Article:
I recently read “The Price of Paradise: Lucky We Live Hawaii?” (1992), a collection of 38 short essays discussing Hawaii’s underlying problems and challenges, edited by law professor and author Randall W. Roth.

There was only one essay about public education, titled “Public Schools: Why are the test scores of public school children so low?” written by University of Hawaii dean and professor of education John P. Dolly. But for me, it packed a big punch.

Instead of focusing on standardized tests, Dolly declares that we should be asking, “What can students do after they complete a certain level of education?”

“The Department of Education must guarantee that students completing certain grade levels will be certified on the basis of performance rather than meaningless test scores and meaningless grades” (page 213), Dolly proposes.

The idea of “performance-based certification” of education made me think about my own school experience and what I hope that my 6-year old son can learn from me, from our family, and from his school.

Before thinking about the things that schools need to teach children, I think that parents and families need to give children a solid foundation for learning. Here’s a short list of things that I want my child to exemplify:

* Be confident in their strengths and be aware of their weaknesses
* Exercise self-discipline and moderation
* Show courtesy, empathy, and concern for others
* Have a moral compass that shows them right from wrong
* Take responsibility for their actions, words, and choices
* Work with a team, while being able to express and defend their convictions
* Be able to question authority and “experts”
* Can answer the question, “What matters to me?”

Here’s a work-in-progress list of practical, useful things that I think students should be able to do, and that schools should be able to guarantee proficiency, in no particular order:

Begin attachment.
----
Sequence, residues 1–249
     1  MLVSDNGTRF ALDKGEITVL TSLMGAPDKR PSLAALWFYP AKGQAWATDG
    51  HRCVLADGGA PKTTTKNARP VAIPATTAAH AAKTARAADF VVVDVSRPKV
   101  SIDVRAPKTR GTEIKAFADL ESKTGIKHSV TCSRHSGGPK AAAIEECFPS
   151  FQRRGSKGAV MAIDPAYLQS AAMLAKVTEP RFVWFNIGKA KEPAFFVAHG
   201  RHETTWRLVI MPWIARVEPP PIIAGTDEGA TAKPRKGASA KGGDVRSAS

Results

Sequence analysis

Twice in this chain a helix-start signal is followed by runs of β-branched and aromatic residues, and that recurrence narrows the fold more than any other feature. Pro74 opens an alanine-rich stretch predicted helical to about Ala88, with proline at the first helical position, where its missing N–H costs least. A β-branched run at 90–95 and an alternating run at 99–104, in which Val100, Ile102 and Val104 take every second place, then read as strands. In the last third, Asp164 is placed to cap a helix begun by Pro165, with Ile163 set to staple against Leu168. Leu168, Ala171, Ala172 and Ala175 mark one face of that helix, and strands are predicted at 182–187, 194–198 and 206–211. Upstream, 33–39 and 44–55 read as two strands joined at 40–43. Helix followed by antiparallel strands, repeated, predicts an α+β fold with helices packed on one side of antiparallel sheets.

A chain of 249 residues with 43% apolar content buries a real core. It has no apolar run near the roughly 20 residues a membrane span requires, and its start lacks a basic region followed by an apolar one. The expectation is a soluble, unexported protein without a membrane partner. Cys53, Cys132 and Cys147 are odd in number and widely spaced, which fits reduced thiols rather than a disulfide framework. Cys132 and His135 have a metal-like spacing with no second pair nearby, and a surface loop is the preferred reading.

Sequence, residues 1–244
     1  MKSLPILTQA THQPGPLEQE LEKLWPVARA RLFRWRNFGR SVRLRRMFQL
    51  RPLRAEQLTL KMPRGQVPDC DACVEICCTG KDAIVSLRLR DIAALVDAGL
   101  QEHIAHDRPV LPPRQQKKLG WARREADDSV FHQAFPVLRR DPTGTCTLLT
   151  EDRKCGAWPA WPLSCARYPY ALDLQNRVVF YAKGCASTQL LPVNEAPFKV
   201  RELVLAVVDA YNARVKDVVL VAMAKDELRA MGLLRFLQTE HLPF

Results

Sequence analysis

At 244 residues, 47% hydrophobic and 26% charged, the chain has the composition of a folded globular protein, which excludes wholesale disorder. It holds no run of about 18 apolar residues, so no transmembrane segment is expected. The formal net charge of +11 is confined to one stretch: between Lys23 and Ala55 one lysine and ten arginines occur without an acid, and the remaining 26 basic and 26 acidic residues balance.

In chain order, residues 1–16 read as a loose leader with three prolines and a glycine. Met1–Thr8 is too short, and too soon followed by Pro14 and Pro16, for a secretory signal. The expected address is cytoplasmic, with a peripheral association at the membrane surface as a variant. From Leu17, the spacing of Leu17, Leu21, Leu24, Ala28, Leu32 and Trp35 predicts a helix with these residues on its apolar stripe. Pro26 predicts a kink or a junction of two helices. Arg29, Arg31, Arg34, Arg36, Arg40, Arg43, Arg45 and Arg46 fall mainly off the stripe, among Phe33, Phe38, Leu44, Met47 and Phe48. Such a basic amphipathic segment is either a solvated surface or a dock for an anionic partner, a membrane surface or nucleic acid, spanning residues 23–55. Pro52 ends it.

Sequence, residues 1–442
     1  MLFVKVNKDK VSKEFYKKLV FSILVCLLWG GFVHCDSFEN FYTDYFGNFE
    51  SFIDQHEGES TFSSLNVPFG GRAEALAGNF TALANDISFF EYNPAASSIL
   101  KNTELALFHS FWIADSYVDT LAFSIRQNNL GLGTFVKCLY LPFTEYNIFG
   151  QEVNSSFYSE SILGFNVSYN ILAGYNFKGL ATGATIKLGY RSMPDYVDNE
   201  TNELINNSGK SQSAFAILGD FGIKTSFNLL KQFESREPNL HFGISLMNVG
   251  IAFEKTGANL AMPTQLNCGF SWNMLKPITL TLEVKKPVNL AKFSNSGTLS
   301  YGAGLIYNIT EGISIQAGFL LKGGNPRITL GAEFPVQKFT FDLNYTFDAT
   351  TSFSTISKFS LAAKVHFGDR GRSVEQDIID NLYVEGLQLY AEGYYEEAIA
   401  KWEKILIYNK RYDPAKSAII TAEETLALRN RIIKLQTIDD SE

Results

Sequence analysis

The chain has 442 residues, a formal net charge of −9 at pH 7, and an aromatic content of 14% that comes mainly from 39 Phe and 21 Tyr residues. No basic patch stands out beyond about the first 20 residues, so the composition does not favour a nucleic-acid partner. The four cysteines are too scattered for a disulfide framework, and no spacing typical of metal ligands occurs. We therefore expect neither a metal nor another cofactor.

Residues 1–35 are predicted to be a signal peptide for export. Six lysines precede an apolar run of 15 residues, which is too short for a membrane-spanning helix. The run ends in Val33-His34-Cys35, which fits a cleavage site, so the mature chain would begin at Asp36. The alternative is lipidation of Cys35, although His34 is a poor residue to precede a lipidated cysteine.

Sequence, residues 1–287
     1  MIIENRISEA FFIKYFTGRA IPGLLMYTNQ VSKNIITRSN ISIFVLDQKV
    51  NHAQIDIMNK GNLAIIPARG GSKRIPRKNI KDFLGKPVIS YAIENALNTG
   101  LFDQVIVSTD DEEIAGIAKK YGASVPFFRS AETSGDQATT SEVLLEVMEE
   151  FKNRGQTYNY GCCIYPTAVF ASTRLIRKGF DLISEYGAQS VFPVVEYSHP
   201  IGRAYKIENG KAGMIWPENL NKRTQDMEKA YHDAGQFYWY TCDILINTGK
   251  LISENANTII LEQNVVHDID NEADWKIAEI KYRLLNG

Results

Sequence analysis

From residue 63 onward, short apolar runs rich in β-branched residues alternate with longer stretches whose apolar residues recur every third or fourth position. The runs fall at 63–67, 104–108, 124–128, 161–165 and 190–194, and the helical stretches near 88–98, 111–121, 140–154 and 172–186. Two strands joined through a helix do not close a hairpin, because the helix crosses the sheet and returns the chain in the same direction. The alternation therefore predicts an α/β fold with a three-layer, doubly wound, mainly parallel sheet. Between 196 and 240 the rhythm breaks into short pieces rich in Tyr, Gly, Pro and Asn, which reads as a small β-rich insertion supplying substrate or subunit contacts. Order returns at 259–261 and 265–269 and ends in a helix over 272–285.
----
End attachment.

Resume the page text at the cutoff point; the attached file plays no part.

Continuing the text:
* Be polite and confident
* Have good conversational skills
* Use good table manners

Reading, Writing, and Speaking
* Read a novel and discuss major plot elements and themes
* Read and understand instruction manuals and guides
* Write a letter, newspaper article, and written testimony
* Follow assembly and repair directions
* Fill out a questionnaire
* Understand legal contracts
* Write and speak persuasively and intelligently
* Speak comfortably on a telephone, cell phone, or video conference
* Answer questions composedly on a job interview
* Debate politely with well thought-out points

Mathematics, Business, and Science
* Add, subtract, multiply, and divide
* Balance a checkbook and reconcile a bank statement
* Make correct change
* Calculate sales taxes, tips, discounts, sales prices, and interest
* Read and understand a financial statement
* Fill out a tax return
* Understand credit cards and credit scores
* Have experience starting and running a small business
* Aspire to be an entrepreneur, not an employee
* Use the scientific method to conduct experiments

History, Politics, and Law
* Have a basic understanding of world history, American history, and Hawaiian history
* Understand the principles of democracy
* Comprehend American civil rights and liberties